Chief Executive Mag: WI Business Climate Dramatically Improved
The Badger State keeps rising in the Chief Executive Best States/Worst States list, and that’s got Wisconsin businesses cheering—as well as investing.
Wisconsin leapt to 20th place in our Best States/Worst States list this year from 24th last year, one of only eight states that enjoyed a rise of at least four spots. That followed a phenomenal 17-place leap in last year’s list, where it occupied the doldrums of 41st place. Wisconsin also fared well by other gauges last year, especially in how it treated entrepreneurs. The state ranked 4th last year in tax costs on new firms, as calculated by the Tax Foundation, and a Kauffman Center Index of Entrepreneurial Activity showed Wisconsin with the 7th largest rise last year among the handful of states that did better at all.
As soon as he took office in January 2011, Walker, a Republican governor elected on a fiscal-responsibility platform, moved aggressively to close the state’s $3.6-billion budget deficit without raising taxes. His centerpiece was slashing costs by restricting collective-bargaining rights and organizing powers of Wisconsin’s powerful government-employee unions.
Wisconsin executives say the new public-private economic-development commission created by Walker is much nimbler and more responsive than the previous government bureaucracy. Furthermore, entrepreneurs have been favored by, among other things, streamlining of a Qualified New Business Tax Credit for angel investments in start-ups.
Neighboring Illinois, under the tenure of Gov. Pat Quinn, has not fared so well, finding itself among the Worst States for a second year in a row. Via the Huffington Post:
A national survey of CEOs released Wednesday contained bad news for Democratic Illinois Gov. Pat Quinn as the survey identified Illinois as the nation's third worst state to do business in.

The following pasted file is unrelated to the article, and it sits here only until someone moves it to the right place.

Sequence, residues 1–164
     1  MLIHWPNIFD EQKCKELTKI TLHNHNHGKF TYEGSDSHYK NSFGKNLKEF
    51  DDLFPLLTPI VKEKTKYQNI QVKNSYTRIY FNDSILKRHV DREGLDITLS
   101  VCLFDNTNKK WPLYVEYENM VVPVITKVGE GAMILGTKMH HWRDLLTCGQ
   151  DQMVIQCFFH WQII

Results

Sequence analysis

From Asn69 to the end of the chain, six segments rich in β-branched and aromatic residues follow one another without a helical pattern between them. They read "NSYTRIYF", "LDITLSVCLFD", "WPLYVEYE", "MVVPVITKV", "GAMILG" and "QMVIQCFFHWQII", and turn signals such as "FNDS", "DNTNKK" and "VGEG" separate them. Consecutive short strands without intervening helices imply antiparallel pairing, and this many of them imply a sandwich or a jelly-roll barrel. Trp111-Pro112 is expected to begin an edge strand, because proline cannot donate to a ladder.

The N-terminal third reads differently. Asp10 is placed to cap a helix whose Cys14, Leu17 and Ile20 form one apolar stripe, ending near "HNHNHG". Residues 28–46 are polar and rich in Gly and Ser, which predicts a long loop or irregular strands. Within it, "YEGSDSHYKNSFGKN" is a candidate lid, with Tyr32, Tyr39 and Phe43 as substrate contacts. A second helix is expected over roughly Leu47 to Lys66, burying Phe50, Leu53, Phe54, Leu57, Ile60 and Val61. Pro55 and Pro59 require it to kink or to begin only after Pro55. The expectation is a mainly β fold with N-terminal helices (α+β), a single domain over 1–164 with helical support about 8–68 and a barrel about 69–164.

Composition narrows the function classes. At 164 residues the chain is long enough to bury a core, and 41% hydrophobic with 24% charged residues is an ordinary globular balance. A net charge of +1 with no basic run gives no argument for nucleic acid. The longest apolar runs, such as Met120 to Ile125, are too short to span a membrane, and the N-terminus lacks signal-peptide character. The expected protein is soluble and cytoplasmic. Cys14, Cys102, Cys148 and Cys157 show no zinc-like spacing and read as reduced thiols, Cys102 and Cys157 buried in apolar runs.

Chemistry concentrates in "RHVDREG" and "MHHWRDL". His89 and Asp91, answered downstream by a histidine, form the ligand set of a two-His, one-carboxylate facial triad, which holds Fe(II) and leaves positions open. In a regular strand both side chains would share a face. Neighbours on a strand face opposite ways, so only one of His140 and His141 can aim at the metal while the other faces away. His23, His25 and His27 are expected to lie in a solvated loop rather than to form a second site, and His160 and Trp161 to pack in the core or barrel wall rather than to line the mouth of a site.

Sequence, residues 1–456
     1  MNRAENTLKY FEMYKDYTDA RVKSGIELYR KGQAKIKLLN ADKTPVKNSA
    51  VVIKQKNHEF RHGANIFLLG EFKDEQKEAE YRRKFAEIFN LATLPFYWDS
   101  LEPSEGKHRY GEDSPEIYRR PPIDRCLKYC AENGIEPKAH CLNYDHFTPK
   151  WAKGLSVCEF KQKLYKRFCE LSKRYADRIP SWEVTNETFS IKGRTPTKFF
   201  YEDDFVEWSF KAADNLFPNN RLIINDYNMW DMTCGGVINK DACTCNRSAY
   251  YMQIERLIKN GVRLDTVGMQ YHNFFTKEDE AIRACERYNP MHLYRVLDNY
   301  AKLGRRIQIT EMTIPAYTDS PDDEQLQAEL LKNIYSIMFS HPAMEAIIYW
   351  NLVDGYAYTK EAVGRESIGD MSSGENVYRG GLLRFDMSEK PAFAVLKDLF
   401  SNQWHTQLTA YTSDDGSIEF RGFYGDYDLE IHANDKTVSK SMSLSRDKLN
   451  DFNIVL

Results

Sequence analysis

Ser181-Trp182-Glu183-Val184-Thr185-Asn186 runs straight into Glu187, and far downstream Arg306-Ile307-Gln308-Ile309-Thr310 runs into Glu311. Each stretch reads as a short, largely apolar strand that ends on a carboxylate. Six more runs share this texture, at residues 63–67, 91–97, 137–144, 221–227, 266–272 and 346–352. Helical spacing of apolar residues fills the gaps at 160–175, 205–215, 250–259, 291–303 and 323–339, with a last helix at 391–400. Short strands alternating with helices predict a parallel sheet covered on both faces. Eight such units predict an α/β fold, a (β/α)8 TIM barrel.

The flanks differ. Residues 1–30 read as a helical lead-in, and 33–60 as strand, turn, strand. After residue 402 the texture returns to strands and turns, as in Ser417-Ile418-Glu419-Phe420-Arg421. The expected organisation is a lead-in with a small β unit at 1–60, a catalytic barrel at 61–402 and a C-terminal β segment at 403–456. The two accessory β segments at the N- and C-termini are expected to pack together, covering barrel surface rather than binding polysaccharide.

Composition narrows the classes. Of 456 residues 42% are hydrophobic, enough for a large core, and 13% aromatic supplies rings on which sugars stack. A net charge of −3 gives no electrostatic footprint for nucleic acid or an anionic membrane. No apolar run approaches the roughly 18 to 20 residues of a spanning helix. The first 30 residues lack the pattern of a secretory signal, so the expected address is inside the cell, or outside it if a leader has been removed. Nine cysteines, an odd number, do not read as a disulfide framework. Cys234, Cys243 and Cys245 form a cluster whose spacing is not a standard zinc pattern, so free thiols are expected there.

Last year, Illinois increased taxes, sending several businesses either packing or threatening to leave the state. CBOE Holdings, Sears and CME Group all said they would vacate the state unless the General Assembly approved millions of dollars in tax breaks -- which they did.
Peoria-based Caterpillar Inc. CEO Doug Oberhelman was among the more outspoken critics of the tax hike, announcing earlier this year that it would build its new plant in North Carolina instead of Illinois. Caterpillar said in a statement that the state's "business climate and overall fiscal health" made it "unpractical" for the company to base its new plant there.
But it's not all good news for Wisconsin. According to John Shannon, CEO of Quick Cable Corp. who is quoted by Chief Executive, if Walker is recalled on June 5, Wisconsin's gains could be swiftly reversed.
"This very committed opposition may recall Walker and put someone else in,” Shannon told the magazine, “and then we’ll have the pendulum swinging abruptly the other way.”